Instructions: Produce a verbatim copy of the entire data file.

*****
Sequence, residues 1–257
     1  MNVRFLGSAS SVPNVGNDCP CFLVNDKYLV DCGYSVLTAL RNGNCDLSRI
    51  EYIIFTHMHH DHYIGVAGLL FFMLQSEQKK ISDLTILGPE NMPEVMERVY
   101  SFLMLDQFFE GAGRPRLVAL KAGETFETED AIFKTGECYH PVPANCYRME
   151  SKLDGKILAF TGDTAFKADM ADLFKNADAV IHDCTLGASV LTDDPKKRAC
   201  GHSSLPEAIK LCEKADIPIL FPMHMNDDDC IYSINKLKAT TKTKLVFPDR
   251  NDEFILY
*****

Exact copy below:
Sequence, residues 1–257
     1  MNVRFLGSAS SVPNVGNDCP CFLVNDKYLV DCGYSVLTAL RNGNCDLSRI
    51  EYIIFTHMHH DHYIGVAGLL FFMLQSEQKK ISDLTILGPE NMPEVMERVY
   101  SFLMLDQFFE GAGRPRLVAL KAGETFETED AIFKTGECYH PVPANCYRME
   151  SKLDGKILAF TGDTAFKADM ADLFKNADAV IHDCTLGASV LTDDPKKRAC
   201  GHSSLPEAIK LCEKADIPIL FPMHMNDDDC IYSINKLKAT TKTKLVFPDR
   251  NDEFILY